Since my particular charger is limited to about 4a of current, parallel is not as feasible for me when charging more then 2 cells, which is what persuaded me to take this route.

    if you use those holders, they have high resistance (which accumulates in series) & the springs heat up, so it doesn't work well with higher amp charge rates. The 1 Amp you mentioned in your first post will be fine.
    I'm aware, I was disappointing when I get the holders in, and found them to have such flimsy leads. They are the the biggest weak link right now. I'm confident those springs could probably handle the 1C charge I generally tend to use but at the moment I can't seem to get the charger to push more then 1.5a thru the cradle. I set it to 2.3a, it's starts at 2, then drops to 1.5, then drops further averaging most of its charge at about 1.1a. I believe I felt warmth on the leads at 2a.

    I think the "smartness" of the charger is detecting a deficit in the plumbing it has to work with and is throttling down automatically to match it. I knew the leads were going to limit me, but it's just ridiculous. There is not gauge listed on the wire so I was unable to predict their load and resistance values.

    At this point, I do believe I will be upgrading the cradles with some higher gauge leads. Once I have completed this revision, I will add it to this thread as an upgrade option.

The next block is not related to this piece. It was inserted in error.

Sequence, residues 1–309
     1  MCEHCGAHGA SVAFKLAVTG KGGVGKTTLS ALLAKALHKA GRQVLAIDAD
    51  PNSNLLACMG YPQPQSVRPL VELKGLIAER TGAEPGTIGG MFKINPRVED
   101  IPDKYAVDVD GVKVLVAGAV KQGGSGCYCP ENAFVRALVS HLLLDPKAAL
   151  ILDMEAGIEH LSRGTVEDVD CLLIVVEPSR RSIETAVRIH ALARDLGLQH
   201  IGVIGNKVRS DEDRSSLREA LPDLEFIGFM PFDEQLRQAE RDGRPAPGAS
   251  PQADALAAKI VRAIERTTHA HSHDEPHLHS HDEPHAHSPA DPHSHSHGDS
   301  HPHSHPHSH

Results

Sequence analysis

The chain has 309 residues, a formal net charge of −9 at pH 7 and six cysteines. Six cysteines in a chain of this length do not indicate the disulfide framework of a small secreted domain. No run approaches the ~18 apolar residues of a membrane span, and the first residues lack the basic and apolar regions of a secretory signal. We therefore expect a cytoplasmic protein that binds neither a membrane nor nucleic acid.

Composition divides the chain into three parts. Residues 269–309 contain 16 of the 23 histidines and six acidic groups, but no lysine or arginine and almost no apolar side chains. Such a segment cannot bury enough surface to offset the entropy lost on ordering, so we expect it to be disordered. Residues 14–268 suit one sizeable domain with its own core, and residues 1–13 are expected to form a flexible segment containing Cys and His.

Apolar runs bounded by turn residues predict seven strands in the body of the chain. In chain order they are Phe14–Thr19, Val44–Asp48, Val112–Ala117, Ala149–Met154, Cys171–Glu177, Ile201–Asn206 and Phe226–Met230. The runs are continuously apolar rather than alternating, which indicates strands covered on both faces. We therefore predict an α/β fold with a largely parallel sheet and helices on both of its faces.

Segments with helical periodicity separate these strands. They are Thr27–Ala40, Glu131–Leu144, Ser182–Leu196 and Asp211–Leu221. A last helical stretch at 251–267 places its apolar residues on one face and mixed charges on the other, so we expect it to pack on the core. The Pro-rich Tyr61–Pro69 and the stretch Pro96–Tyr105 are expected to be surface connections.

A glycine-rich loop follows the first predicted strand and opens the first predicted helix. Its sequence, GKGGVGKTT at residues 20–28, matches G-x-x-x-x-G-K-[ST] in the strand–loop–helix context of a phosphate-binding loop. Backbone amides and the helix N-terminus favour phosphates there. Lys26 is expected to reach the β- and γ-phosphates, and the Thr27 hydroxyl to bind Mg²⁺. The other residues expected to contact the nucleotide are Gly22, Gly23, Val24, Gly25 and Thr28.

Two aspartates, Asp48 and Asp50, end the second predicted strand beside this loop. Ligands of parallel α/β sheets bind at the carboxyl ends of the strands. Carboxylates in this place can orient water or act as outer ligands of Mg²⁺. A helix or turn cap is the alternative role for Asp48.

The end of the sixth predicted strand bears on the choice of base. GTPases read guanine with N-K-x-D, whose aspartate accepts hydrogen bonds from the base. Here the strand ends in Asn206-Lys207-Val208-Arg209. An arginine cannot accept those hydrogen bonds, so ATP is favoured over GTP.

I'm glad you appreciate it. I didn't really make this as a n00b how to guide like my other posts. More of an idea share among tech geeks, after all, unless the newbie can solder well, read a schematic, and has a basic understanding of electronics, this is already above their scope.

  19. #19
    Unenlightened
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    Default Re: Tech Tricks: Homemade Balance Charging Cradles.

    I am a newb to CPF and am building a balancing setup for charging with my e-station BC6 charger.

    I am in need of 4 pairs of magnetic leads like those previously offered by LuxLuthor with the purchase of cells from him.

    How can I go about obtaining these ?

  20. #20
    *Flashaholic* LuxLuthor's Avatar
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    Default Re: Tech Tricks: Homemade Balance Charging Cradles.

    All makes sense. Thanks for additional feedback! Always good to share ideas back and forth!

  21. #21
    Flashaholic* Conte's Avatar
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    Default Re: Tech Tricks: Homemade Balance Charging Cradles.

    Revisions Made.

  22. #22
    Flashaholic*
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    Default Re: Tech Tricks: Homemade Balance Charging Cradles.

    Quote Originally Posted by Wallace L View Post
    I am a newb to CPF and am building a balancing setup for charging with my e-station BC6 charger.

    I am in need of 4 pairs of magnetic leads like those previously offered by LuxLuthor with the purchase of cells from him.

    How can I go about obtaining these ?
    I'm in more or less that same boat, as I'm looking into putting together a hobby charger setup for probably up to 6 cells... I don't believe you can readily purchase magnetic leads. You can do it yourself if you are skilled with a soldering iron; I've read that you can ruin the magnetic ability of the magnets if you aren't fairly quick with your soldering.

    That's another reason why some go for the cradles; I know I can manage to make one like Conte's even with my rough soldering. The magnetic leads are still an attractive option though, it really doesn't get more flexible or compact!